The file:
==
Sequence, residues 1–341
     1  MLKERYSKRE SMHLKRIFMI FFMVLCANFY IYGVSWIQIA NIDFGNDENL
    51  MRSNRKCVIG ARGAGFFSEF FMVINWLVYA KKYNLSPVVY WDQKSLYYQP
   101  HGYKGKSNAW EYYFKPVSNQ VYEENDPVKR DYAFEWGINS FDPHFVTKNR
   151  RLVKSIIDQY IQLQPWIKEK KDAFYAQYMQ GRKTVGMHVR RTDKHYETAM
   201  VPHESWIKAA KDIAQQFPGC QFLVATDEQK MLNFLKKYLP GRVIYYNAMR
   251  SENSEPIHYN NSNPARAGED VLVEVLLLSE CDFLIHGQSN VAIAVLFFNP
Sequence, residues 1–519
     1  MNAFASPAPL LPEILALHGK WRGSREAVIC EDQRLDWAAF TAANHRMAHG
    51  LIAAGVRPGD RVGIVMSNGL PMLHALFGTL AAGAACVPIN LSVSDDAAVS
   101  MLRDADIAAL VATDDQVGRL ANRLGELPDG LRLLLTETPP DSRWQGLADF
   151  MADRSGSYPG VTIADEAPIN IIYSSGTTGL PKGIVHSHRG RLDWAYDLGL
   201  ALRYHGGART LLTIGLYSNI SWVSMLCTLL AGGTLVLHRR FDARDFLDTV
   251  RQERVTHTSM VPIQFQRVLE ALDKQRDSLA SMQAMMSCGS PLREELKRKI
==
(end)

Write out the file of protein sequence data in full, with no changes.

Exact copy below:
Sequence, residues 1–341
     1  MLKERYSKRE SMHLKRIFMI FFMVLCANFY IYGVSWIQIA NIDFGNDENL
    51  MRSNRKCVIG ARGAGFFSEF FMVINWLVYA KKYNLSPVVY WDQKSLYYQP
   101  HGYKGKSNAW EYYFKPVSNQ VYEENDPVKR DYAFEWGINS FDPHFVTKNR
   151  RLVKSIIDQY IQLQPWIKEK KDAFYAQYMQ GRKTVGMHVR RTDKHYETAM
   201  VPHESWIKAA KDIAQQFPGC QFLVATDEQK MLNFLKKYLP GRVIYYNAMR
   251  SENSEPIHYN NSNPARAGED VLVEVLLLSE CDFLIHGQSN VAIAVLFFNP
Sequence, residues 1–519
     1  MNAFASPAPL LPEILALHGK WRGSREAVIC EDQRLDWAAF TAANHRMAHG
    51  LIAAGVRPGD RVGIVMSNGL PMLHALFGTL AAGAACVPIN LSVSDDAAVS
   101  MLRDADIAAL VATDDQVGRL ANRLGELPDG LRLLLTETPP DSRWQGLADF
   151  MADRSGSYPG VTIADEAPIN IIYSSGTTGL PKGIVHSHRG RLDWAYDLGL
   201  ALRYHGGART LLTIGLYSNI SWVSMLCTLL AGGTLVLHRR FDARDFLDTV
   251  RQERVTHTSM VPIQFQRVLE ALDKQRDSLA SMQAMMSCGS PLREELKRKI